OUR FACILITIES

 

McCarty Hall A
McCarty Hall A

McCarty Hall A

On the UF campus you'll find our lab and offices on the third-floor of McCarty Hall-A. The third floor was renovated in 2012 making it a state of the art facility. The main office and other members of the Soil and Water Sciences Department are also in McCarty A, on the ground and second floors.

Main Laboratory
Main Lab

Main labThis is where it all (or most of it) happens. You can generally find at least one or two students at work here. Located on the 3rd floor of McCarty Hall-A, the lab is more than 800 square feet including three sinks, a 6-ft fume hood, and more than 110 feet of bench space.

Equipment: a large volume benchtop centrifuge, vacuum filtration station, a gas purging station, nano-pure water source, an anaerobic glove box, two temperature/light/CO2-controlled growth chambers, and our membrane-inlet mass spectrometer.

Core Instrumentation Lab

Core Instrumentation Lab

SWS Stable Isotope Facility
SWS Stable Isotope Facility

Isotope Ratio Mass Spectrometer

The Stable Isotope Mass Spectrometry Facility is housed and staffed within the Soil and Water Sciences Department (SWSD). The instrumentation was purchased and is maintained as a collaborative research facility by the SWSD, and UF Departments of Geological Sciences and Botany. Samples from other UF Departments as well as other outside entities can be submitted to the facility and current pricing can be obtained by contacting Dr. Kathryn Curtis.

The centerpiece of the facility is a Thermo Finnigan MAT Delta Plus XL mass spectrometer configured to measure stable isotope ratios of certain gases (especially CO2, N2, and N2O). Three peripherals are presently dedicated to the mass spectrometer for the purpose of delivering gas samples to the mass spectrometer:

Elemental Analyzer (EA-IRMS)- A Costech Instruments elemental combustion system (ECS4010) is connected to the mass spectrometer for the purpose of flash combustion of soil, plant, and tissue samples to produce N2 and CO2. UHP Helium is used as a carrier gas to transport the gases produced during combustion thru a water trap to remove any water present in the gas stream prior to entering a GC column within the system where the N2 and CO2 are separated within the carrier gas before delivery through a ConFlo III interface to the mass spectrometer.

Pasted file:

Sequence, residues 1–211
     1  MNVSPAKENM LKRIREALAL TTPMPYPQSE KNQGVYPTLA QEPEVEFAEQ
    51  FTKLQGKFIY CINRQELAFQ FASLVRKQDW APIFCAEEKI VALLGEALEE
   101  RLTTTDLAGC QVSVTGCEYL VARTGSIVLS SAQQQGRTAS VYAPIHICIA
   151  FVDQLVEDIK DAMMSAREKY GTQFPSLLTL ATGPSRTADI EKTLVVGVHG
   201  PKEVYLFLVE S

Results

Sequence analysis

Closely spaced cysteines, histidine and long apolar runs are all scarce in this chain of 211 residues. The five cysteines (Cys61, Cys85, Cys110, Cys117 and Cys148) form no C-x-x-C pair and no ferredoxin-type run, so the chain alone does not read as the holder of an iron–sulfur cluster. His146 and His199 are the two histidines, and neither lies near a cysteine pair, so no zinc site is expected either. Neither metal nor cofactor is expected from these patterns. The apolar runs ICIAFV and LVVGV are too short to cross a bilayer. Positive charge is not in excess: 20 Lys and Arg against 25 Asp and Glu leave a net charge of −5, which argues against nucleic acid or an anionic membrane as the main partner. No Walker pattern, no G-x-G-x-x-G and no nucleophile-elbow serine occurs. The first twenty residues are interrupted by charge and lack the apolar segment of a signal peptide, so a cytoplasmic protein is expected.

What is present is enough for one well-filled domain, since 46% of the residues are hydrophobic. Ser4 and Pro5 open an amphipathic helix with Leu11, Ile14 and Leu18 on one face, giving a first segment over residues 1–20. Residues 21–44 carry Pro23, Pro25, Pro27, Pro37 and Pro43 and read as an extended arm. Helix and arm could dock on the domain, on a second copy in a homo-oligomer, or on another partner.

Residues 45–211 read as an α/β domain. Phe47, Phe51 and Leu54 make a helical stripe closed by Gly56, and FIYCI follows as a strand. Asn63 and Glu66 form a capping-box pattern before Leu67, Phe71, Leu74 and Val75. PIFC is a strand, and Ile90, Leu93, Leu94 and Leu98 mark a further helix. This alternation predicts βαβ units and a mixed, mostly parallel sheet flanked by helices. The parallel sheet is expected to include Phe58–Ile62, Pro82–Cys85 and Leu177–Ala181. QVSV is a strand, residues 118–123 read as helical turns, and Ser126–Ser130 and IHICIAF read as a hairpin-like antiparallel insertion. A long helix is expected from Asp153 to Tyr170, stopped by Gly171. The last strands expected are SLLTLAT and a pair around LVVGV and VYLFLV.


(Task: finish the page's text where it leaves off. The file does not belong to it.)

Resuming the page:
Gas Chromatograph (GC-C-IRMS)- A modified Hewlett Packard HP 6890 is utilized for carbon isotope analysis via Isotope-Ratio-Monitoring Gas Chromatography (GC-C-IRMS). The GC-C-IRMS technique involves on-line separation of compounds (e.g. amino acids, FAMES, sterols and other hydrocarbons) from mixtures by gas chromatography. The gas chromatography effluents are combusted to CO2 and sent to the mass spectrometer continuously in a helium carrier stream

Gas Bench- A Thermo Finnigan GasBench III is used to measure gas samples in individual septa top vials.  Utilizing a CTC GC-PAL autosampler a double needle system takes headspace gas from sample vials and performs multiple isotopic analysis.  The GasBench system is primarily used for measuring gaseous CO2 from atmosphere, soil respiration, and dissolved inorganic carbon in water.  It is also used to measure N2O converted from nitrate via the microbial denitrifier method.

Newell Hall
Newell Hall

This might be more of a history lesson now, but this is the original Florida Experiment Station where the Land Grant Mission at the University of Florida began. It is also where our research program began back in 2007. Needless to say this building from 1910 (remodeled in the 1950's) was less than state โ€Œof the art, but we managed to live and do some quality work here until we 'moved on up' to McCarty Hall.

The university has decided to renovate this building as a student study hall (I think that's code language for another Starbucks and a lot of couches). I will miss the good times and people, being able to park right by the building, and the storage space with 16-foot ceilings. But I certainly will not miss the leaking roof, lack of fume hoods, and emergency evacuations because the elevator caught on fire again.

Greenhouse and Mesocosms

Greenhouse and Mesocosms